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Tube vs Solid State: Battle of the Buzz

 

Guitar Amps: Tu-be Or Not Tu-be

 

“Whether ’tis nobler in the mind to gig with a tube amp or a solid-state guitar amp and suffer the slings and arrows of capacitor-sniffing tone snobs”

 

It’s pretty much a given that your more militant guitar tonemeisters prefer tube amps to solid state. According to Professor Alexander Dumble of Dumble* amps fame, “The fragile harmonics live better in tubes than the crystal lattice of transistors.”

To us mere mortals, the simple truth is that the main difference between tubes and transistors lies in their behavior as amplitude increases. Tubes distort gradually with volume exhibiting a natural compression, whereas transistors perform consistently at increasing volume until they go into distortion. When a transistor clips, it chops off the top of the wave (and throws it to the floor rather harshly), which is very unpleasant sounding. Of the two, tube distortion is much more natural and pleasing to our ears. Tubes distort in much the same way our voices do when we go from talking loudly, to a yell, to a scream. Solid-state amps can scream without distorting, but when they do distort, they lose their voice, in a manner of speaking.

 

Warmest Regards

Perhaps the biggest misconception in analog circuit design is that tubes sound inherently warmer than solid state. In truth, transformers are more responsible for the warmth of a sound than tubes. In fact, solid-state devices can sound quite warm, depending on the circuit topology surrounding them (think Neve 1073). However, when it comes to distortion, cranking a tube amp gives us the “right” sound for guitars. Tube designs sound better to us because there are fewer components in the signal path than solid state. Of course, the number of components in the signal path is more important when using a solid-state device for recording as opposed to instrument amplification. A transformerless solid-state preamp is as transparent as it gets. Transformerless tube designs are expensive and very hard to do.

 

The Right Amp for the Job

The type of amp you prefer has a lot to do with your style of music. Certain types of metal and thrash, particularly fast playing, seem to do better with tube amps, where high volume is the order of the day, and distortion comes from the tubes themselves. On the other side of the musical spectrum, jazz works well with solid-state amps, especially if you want your clean tones to stay clean regardless of how much harder you may attack the strings (tubes will distort with heavier attacks). The solid-state Roland JC-120 Jazz Chorus became the de facto jazz amp starting in the mid ’70s. Again, it’s a point of personal preference.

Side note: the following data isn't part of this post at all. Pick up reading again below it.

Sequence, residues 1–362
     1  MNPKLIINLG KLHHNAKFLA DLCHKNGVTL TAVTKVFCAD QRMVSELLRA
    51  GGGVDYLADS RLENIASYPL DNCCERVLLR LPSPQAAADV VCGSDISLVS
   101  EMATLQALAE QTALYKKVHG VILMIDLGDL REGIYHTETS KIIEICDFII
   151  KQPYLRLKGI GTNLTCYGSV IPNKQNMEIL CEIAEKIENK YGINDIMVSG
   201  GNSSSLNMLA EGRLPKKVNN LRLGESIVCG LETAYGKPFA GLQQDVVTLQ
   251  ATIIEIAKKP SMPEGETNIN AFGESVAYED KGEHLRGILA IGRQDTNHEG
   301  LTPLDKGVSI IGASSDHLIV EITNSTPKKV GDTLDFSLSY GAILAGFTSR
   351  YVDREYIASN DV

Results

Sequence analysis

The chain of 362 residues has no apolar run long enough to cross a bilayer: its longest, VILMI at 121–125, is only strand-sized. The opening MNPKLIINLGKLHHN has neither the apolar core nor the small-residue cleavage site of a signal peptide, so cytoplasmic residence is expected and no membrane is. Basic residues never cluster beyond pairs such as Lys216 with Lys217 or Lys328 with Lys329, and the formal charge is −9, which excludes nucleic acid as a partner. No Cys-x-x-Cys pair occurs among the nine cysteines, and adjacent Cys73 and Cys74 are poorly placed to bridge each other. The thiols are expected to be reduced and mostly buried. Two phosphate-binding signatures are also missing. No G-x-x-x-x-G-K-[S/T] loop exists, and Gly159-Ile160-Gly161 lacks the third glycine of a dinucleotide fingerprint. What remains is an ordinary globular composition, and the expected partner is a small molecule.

In a choice between a tube and solid-state guitar amp, apart from the style of music you play, the major consideration is whether you’re gigging or recording. The harmonic richness of tube amps is generally preferred in the studio, where the goal is the illusion of larger-than-life sound. The advantage of solid-state amps rests mainly in live performance. They’re lighter in weight (easier to carry to a gig) and not subject to vibration damage in transport the way that tube amps are. They also don’t require any warm-up time, so if you’re late to a gig, you can just plug in and play. This is of particular note if you’re gigging in the winter and your tube amp is in the back of a pickup, or left in a van overnight. Tubes respond poorly to having their heaters lit when they’re freezing cold.

 

FX Math: Analog Plus Digital Effects, Carry the One, Cancel the Tubes

Unless your effects setup is all analog, or a pricey rack unit (such as Eventide’s Eclipse) patched in through an effects loop, playing a gig with a tube amp can be an exercise in diminishing returns if you’re using one of the prosumer digital multi-effects pedals between your guitar and the amp’s input. Apart from the digital processor taking all the depth out of your tube amp (try an A/B comparison if you don’t believe it), you’d be better off with the high-gain-before-clipping response of solid state. Besides, why go through the care and feeding hassles of gigging with a tube amp only to make it sound solid state?

On the other hand, if you’re a purist playing blues, blues-rock, and certain styles of classic rock, the response of a tube amp and pure analog effects pedals will offer the preferred sound. It’s simply a matter of picking your battles. That is to say, if it’s a high-profile gig, then you’ll want your best gear. If it’s a roadside bar where people will be doing their damnedest to talk over you, you may want to go lightweight and solid state.

 

 

* Dumble amps were made by H. Alexander Dumble in the late ’70s to ’80s. The preferred amp of guitarists such as Eric Johnson, Robben Ford, Carlos Santana and Larry Carlton, each Dumble was hand-built and voiced to the playing style of its eventual owner, who waited three to five years for their amp. Only 300 made, Dumbles sell on the vintage market for anywhere from $25,000 – $50,000, and as high as $160,000.

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